Overall, I love my new covering. When I first wore it around people I knew, some had to ask which arm was my prosthesis and which was my actual arm. I have no second thoughts wearing a short sleeve top. I love when strangers are amazed at how perfectly it matches my skin tone and how long it took them to realize that it was not real. I cannot properly put into words the sense of peace this arm has given me and all I can say is thank you LSK Foundation!

 Sarah’s silicone covering was graciously sponsored by Kendra Scott

Shelley Tarescavage

As a teenager (and still to this day) I loved fashion, makeup, and—above all else—hair. In high
school, I even began taking cosmetology classes in hopes of one day owning my own salon as a
hair dresser. But, my future would change dramatically at the age of 16, when I developed a
small, seemingly harmless bump on my right (dominant) wrist. It turned out that the small bump
was on the surface of a tangled, spiderweb of cancerous cells wrapping around my entire
forearm. My dad and I traveled around the country in search of experimental treatments, none of
which were effective. I had my right forearm amputated a few months after my 18 th
birthday—my welcome into adulthood.
I was blessed. My amputation was below the elbow, so I could use a functional prosthetic. More
importantly, I was alive and free of the cancerous cells. But, as an 18 year-old, I truly did not feel
blessed. I couldn’t finish my cosmetology program. I couldn’t picture my future. And I felt
insecure—How could anyone love me? Would I ever have children? What would I do with my
At the age of 25, I had yet another battle with cancer, as I had a reoccurrence in my shoulder and
lungs. I underwent radiation and inpatient chemotherapy treatment. I lost my hair. The doctors
told me that I lost the ability to have a child. Here we go again, I thought, feeling insecure and
worried about my future.
I am now 30 years-old. My husband proposed to me five years ago, the night I was told that my
cancer had reoccurred. I have a son that was born two years ago, three years after doctors told me
that I couldn’t conceive a child. I am alive and in remission. My hair is down to my shoulders,
and I have a prosthetic arm that looks so real that people try to shake it when they meet me.
In short, I am living the future that I could not imagine. Thank you, LSK foundation.

Kelley Mann Wells

My story begins the day I was born. I’d like to think it was somewhat relieving for my parents those first few years because I was too young to know and care I was missing my left arm. When I hit that age where I realized I was different, and always would be, the struggle of insecurity, disapproval, and rejection came crashing in. I always felt a little better when I would wear my prosthesis, hoping that no one would notice my arm. This required me to wear a lot of ¾ length and long sleeve shirts during a time when tube tops were every pre-teens dream. As I got older, the easier it got to accept that I had one arm, but that feeling of rejection was always in the back of my mind. That’s when I finally decided to completely trust what the Lord says and rest in Psalms 139, which states, “For you created my inmost being; you knit me together in my mother’s womb. I praise you because I am fearfully and wonderfully made; your works are wonderful, I know that full well”. (Psalms 139:13-16)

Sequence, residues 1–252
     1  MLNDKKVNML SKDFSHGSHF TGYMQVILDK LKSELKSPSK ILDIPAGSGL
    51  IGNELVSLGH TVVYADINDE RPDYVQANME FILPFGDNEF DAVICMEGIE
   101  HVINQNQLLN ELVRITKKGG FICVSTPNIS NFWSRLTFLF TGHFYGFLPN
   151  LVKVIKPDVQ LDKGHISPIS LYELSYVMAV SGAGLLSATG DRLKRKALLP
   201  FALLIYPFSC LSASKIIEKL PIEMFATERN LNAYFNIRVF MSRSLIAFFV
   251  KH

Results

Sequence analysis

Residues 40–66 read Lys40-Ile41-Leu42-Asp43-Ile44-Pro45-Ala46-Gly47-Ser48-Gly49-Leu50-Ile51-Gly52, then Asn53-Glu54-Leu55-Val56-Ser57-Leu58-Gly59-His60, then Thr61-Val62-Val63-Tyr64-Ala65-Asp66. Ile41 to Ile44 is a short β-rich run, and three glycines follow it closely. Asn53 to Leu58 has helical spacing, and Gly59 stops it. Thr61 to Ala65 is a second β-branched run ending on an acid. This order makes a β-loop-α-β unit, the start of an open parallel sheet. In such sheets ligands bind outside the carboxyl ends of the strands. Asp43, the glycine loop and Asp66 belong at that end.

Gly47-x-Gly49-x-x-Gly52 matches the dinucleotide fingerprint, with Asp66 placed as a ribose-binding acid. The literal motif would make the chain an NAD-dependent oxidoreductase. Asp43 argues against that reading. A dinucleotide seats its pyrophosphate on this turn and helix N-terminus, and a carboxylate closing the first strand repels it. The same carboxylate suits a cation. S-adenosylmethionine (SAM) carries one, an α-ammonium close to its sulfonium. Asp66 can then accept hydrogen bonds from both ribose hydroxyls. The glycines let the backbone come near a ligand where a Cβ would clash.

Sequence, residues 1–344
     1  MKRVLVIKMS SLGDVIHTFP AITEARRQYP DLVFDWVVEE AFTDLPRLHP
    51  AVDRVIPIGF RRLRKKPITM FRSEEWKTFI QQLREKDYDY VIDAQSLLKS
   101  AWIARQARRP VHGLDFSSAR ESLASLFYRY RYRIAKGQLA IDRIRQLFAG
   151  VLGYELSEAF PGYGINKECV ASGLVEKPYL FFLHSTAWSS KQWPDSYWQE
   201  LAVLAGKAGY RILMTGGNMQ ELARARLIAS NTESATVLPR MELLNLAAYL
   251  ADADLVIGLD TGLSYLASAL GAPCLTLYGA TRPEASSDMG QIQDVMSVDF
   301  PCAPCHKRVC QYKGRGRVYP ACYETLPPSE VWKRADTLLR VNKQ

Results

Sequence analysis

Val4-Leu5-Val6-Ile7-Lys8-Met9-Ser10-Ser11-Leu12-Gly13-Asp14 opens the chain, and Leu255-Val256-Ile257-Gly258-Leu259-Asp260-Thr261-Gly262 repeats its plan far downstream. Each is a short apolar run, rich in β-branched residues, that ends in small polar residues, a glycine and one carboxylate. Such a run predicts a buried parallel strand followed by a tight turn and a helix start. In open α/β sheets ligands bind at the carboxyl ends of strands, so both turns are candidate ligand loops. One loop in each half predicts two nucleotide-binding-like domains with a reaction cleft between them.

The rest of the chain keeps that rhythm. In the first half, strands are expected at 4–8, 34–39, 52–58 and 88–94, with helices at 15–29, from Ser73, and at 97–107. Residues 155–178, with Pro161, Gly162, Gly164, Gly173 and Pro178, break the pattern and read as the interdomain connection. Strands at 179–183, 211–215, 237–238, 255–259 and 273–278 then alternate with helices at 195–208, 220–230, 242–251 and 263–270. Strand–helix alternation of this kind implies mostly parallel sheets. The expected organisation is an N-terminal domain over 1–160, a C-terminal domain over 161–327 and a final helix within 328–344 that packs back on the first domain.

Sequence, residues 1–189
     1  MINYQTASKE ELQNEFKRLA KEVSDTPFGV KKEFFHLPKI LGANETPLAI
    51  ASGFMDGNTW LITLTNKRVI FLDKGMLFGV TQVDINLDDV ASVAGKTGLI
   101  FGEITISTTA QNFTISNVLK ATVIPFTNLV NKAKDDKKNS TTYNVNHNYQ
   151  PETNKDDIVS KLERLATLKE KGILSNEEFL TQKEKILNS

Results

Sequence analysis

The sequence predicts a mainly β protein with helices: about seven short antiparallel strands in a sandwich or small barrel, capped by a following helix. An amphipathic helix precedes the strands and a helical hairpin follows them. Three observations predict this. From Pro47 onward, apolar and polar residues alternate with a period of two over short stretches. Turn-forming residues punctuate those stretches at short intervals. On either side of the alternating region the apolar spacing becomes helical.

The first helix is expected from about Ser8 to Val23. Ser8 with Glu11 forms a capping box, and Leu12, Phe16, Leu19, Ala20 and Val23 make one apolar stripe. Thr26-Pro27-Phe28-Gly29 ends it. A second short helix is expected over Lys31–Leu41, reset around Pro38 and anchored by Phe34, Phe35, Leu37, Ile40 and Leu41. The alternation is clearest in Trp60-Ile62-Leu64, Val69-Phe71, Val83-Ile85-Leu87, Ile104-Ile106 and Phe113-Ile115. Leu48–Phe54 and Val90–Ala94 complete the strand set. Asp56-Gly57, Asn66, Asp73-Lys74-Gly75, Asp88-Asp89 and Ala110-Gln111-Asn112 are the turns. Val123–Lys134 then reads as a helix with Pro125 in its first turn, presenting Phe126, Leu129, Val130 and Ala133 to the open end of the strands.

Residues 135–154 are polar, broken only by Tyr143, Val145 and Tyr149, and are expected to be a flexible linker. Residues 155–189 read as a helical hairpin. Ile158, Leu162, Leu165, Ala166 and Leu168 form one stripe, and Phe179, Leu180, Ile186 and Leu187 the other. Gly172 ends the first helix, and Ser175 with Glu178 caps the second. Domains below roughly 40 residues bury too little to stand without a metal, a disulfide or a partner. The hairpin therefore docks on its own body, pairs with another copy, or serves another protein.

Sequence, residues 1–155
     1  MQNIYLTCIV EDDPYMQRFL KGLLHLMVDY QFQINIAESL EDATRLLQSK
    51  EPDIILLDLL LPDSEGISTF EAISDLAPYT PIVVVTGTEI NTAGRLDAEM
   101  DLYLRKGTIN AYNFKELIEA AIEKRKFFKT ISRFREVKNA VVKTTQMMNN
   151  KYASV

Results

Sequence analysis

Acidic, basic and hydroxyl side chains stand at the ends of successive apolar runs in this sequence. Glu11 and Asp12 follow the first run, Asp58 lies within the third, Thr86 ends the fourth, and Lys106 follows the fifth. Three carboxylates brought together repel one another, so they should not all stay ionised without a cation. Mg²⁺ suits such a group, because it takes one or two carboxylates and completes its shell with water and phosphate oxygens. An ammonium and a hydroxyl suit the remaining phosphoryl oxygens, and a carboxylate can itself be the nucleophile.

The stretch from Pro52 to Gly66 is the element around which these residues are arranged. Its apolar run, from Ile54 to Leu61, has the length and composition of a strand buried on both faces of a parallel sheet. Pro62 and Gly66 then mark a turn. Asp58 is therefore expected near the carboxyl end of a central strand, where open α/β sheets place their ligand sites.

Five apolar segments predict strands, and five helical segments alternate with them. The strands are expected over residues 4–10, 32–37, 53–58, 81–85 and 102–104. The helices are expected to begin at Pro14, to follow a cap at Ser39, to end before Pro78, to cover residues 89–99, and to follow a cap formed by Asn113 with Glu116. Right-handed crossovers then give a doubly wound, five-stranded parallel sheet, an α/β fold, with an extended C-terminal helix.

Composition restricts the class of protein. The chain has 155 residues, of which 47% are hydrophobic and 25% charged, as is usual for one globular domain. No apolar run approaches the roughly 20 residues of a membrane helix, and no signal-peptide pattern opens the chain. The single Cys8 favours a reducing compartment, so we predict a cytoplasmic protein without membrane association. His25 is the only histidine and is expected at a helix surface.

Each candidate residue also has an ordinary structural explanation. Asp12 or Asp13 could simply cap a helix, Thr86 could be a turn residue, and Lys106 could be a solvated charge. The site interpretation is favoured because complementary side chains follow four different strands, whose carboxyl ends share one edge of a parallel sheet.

From that point on I tried to see any positive in my disability. I began to thank Jesus for everything I had instead of feeling defeated for what I was missing. I was an athletic girl growing up but attempted very few sports. After realizing you have to really enjoy running to be a track star, I decided to change paths. I always liked tennis because it was something I shared with my dad. I tried out for my high school team and played for two years as the number one spot. Life began to feel less challenging.

In college, I started to specifically pray for a man that would love me the way God saw me. These prayers showed me how much God truly loved me as He began to reveal blessing after blessing. My husband and I started off as friends in college so I knew he was well aware of my arm. I’ll never forget the day he told me he thought I was beautiful in every way. I grew up with my parents telling me I was beautiful, but hearing it from him was just different. It was what God had been promising me.

After going on three mission trips to Brazil, I knew my calling was to serve others. I graduated college in 2013 with a degree in Human Development and Family Studies. I was hired from an internship as a Therapeutic Foster Care Case Worker. Those trips and job were so eye-opening and have allowed me to put my focus towards helping others.   

I came across Lauren’s story early in 2015 and was immediately intrigued by the confidence she displayed as a woman missing her left arm. One of the first things I noticed was how natural her prosthesis looked. I was reading the stories of Lauren, Ashley, and Lisa on The LSK Foundation website when I noticed that there was a place to apply to receive a covering. I thought to myself, why not? I enjoyed filling out the application and telling my story in depth because it allowed me to reflect on some of the funnier moments involving my arm. I received an email in April from Lisa saying they loved my story and wanted to talk more. In July, the LSK team informed me that an organic skincare company called Cocokind was going to be my sponsor and cover all the costs of my cosmetic covering. That was the moment I realized I was about to have an experience that would change my life forever. To top it off, Cocokind featured me and my story on the side of one of their product boxes, which was so special and something I’ll keep forever.